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Jeff Gundlach is a man with a mission. In this case, it's taking another opportunity to rain on Apple's (NASDAQ: AAPL ) parade. Gundlach is the CEO of Doubleline Capital and has casually been called the "King of Fixed Income." He's also a staunch Apple bear.
Gundlach was recently on CNBC (starting around the 5:08 mark) reiterating his strong belief that there's more downside in store for Apple. More specifically, he thinks shares are headed to $425 -- over 20% lower than current levels. He notes that Apple went "vertical" around that price and since he's "been around for a long time" he figures that shares will go back from whence they came after "the bubble pops."
While he's typically known as a bond guru, Gundlach says his belief isn't because he's a "bond guy or a stock guy," but instead because he's a "market guy." That's some hard-hitting analysis right there, Fools.
Last year, Gundlach made his case a number of times throughout the year. In May at the Ira Sohn Conference in New York, he and Greenlight Capital's David Einhorn took opposing views on the Mac maker. Gundlach expressed some doubt that consumers would continue lining up for Apple's latest and greatest eventually. Einhorn, on the other hand, said that there's no reason why Apple's market cap can't reach $1 trillion, since it captures customers in its ecosystem.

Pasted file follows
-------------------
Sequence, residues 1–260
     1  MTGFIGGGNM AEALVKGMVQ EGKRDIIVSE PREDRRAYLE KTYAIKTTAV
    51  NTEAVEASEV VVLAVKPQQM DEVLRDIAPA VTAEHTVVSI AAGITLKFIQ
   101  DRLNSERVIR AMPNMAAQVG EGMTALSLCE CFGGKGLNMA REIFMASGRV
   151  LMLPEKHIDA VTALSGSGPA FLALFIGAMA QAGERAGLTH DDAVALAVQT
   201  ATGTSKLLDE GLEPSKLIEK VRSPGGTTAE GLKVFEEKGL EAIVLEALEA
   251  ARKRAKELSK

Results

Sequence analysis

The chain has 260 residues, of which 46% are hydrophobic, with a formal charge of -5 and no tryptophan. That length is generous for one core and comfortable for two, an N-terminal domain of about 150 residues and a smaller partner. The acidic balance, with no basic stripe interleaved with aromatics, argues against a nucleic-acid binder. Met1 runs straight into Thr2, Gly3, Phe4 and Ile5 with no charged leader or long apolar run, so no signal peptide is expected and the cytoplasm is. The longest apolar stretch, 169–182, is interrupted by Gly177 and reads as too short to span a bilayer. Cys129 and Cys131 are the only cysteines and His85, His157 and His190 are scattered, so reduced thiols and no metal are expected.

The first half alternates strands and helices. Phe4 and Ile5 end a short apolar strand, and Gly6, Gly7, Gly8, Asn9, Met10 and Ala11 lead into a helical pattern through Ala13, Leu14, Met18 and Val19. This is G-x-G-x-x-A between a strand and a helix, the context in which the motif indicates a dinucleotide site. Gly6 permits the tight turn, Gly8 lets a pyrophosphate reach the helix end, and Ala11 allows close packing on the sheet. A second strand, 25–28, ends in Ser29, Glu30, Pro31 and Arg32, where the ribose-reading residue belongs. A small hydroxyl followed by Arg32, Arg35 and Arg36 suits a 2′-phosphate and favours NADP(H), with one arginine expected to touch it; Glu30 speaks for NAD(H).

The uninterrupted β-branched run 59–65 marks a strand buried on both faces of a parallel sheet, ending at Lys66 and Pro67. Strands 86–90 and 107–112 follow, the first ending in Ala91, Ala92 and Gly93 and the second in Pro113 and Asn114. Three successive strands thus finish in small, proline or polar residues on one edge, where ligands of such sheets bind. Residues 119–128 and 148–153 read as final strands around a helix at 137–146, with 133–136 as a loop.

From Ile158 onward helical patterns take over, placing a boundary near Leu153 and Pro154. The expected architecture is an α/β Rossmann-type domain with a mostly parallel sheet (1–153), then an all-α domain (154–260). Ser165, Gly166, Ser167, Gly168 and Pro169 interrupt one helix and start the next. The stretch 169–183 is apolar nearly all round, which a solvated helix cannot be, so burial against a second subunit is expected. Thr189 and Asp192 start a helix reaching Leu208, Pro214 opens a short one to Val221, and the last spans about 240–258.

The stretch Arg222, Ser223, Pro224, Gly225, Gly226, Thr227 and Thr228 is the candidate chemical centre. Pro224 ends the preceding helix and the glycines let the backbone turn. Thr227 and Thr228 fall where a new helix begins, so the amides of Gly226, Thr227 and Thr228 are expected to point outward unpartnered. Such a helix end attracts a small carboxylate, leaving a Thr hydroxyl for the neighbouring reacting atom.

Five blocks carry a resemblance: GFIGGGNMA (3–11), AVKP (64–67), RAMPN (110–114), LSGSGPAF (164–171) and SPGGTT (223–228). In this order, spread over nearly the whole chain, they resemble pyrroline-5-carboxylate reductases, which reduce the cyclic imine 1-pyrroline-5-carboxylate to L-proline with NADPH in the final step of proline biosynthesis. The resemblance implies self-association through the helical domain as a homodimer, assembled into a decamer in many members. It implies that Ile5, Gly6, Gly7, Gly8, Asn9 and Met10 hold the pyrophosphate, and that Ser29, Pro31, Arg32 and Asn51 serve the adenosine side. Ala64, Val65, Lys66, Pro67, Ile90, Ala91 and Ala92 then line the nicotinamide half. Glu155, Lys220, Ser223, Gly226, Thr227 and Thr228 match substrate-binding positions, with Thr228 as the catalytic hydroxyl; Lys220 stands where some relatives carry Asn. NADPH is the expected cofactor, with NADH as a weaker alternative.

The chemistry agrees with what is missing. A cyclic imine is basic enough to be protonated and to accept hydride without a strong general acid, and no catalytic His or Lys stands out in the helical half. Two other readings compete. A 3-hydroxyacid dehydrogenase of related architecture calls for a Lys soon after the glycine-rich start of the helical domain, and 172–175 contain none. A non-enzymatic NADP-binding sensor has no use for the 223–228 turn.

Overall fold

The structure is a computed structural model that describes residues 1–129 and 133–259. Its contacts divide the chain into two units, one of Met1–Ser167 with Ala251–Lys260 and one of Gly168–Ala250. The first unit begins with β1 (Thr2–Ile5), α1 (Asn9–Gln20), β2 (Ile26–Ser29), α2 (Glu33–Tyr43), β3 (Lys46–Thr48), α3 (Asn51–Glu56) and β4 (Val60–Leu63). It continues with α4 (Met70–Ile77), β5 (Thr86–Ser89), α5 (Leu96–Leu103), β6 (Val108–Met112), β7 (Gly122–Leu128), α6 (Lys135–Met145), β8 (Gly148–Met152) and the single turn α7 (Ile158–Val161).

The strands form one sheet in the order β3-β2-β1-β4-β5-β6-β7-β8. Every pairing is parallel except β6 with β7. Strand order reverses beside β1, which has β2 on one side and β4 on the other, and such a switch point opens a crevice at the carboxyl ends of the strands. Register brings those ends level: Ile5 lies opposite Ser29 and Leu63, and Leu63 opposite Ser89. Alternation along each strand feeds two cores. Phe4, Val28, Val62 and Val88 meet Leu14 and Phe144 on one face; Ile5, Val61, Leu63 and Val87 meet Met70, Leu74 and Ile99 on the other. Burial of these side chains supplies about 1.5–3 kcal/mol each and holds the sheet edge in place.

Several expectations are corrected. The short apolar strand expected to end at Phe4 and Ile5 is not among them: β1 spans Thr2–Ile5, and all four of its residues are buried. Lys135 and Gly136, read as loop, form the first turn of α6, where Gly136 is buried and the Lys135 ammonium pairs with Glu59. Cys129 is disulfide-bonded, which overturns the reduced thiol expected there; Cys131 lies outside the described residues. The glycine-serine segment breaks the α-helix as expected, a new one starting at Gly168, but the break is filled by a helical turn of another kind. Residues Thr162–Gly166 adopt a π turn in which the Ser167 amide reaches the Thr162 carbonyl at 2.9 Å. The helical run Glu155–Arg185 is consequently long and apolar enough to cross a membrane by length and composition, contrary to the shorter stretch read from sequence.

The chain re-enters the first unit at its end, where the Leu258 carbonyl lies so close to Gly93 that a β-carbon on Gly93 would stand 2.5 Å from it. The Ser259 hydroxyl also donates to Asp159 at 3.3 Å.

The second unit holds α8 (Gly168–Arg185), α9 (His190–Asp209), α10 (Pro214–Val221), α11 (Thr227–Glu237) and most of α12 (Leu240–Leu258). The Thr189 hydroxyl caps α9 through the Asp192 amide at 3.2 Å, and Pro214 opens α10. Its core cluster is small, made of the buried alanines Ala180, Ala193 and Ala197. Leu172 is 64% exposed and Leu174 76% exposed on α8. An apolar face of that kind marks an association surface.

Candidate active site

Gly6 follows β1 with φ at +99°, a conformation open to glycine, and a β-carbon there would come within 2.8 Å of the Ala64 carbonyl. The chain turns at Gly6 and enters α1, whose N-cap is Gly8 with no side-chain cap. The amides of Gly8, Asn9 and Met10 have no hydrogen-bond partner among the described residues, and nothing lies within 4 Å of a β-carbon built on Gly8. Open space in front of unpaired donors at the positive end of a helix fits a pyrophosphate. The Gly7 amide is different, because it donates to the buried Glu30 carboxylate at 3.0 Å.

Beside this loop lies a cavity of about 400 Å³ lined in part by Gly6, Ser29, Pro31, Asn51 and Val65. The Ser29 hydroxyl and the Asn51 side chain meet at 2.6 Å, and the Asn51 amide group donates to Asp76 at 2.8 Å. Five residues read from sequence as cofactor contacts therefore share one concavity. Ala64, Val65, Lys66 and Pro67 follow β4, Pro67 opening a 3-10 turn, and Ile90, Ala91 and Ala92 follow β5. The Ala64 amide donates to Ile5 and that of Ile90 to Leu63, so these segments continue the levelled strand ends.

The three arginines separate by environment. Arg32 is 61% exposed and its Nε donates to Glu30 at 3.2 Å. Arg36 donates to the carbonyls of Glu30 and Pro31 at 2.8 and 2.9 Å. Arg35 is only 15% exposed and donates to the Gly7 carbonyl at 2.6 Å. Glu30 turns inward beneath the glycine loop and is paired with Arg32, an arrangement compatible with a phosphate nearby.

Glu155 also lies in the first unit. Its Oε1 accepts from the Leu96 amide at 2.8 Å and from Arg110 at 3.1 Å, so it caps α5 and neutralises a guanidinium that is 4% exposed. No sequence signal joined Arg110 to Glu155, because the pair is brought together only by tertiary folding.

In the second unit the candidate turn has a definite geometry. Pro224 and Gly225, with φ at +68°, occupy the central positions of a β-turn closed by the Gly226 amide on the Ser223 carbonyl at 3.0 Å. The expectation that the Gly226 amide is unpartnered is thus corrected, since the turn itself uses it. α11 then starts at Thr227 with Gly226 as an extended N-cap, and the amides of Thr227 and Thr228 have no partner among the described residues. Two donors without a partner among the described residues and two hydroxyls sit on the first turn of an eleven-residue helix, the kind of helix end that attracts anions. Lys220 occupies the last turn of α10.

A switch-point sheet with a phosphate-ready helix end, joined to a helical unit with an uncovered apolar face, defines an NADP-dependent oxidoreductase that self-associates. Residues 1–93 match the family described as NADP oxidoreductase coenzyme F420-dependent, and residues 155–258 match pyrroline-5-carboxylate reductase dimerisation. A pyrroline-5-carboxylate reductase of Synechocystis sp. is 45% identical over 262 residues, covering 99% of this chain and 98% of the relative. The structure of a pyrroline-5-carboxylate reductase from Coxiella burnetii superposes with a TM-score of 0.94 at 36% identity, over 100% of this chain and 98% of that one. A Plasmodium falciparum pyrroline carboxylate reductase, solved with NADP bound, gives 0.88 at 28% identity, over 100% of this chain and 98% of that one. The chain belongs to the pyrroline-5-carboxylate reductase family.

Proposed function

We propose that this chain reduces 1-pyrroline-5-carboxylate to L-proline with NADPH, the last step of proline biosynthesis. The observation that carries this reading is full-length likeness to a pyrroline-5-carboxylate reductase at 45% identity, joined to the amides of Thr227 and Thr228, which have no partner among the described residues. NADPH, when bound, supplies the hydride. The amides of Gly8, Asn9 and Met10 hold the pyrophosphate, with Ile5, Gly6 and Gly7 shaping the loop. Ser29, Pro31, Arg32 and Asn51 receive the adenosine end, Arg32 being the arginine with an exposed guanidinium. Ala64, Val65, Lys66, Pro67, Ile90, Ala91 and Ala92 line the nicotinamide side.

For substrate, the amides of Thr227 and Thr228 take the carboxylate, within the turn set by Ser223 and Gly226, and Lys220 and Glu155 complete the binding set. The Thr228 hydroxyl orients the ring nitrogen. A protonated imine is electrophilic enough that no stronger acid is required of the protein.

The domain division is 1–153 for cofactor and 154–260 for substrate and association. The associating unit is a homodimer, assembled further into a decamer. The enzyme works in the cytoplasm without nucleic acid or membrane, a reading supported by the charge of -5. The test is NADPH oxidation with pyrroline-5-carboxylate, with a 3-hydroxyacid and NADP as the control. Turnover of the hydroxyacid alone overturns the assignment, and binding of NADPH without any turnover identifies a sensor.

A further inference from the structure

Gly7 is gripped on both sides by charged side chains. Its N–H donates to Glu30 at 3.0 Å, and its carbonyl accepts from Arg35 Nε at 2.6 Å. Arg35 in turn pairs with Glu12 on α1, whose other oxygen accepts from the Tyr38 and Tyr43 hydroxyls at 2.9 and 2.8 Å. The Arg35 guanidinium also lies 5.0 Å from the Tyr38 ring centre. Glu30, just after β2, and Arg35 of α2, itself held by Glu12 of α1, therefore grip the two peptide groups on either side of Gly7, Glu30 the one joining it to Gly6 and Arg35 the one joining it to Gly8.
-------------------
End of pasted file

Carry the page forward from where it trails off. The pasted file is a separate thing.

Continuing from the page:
At the time, shares were in the midst of a relative pullback that lasted just over a month between April and May. After all was said and done, Apple gave back 19% of its gains before resuming its upward course and tapping new all-time highs four months later.
In November, Gundlach said that Apple lost its innovative touch now that Steve Jobs is gone. He also joked that Apple may soon introduce new "tooty-fruity" colored iPads and call it innovation while mentioning the same $425 price target. It turns out that some analysts think future iDevices are indeed in store for a dash of color. BGR ran a poll and 35% of over 2,000 respondents said they'd be interested in a blue, pink, or yellow iPhone with another 28% open to it but wanted to see how they look first. Say what you will, but there might be some demand for what would inevitably be marketed as "the most colorful iPhone we've ever made."
As luck would have it, Apple shares rallied again after Gundlach's comments, although at this point they've given back some of those gains, but appear to be stabilizing. Will Gundlach ever be right?
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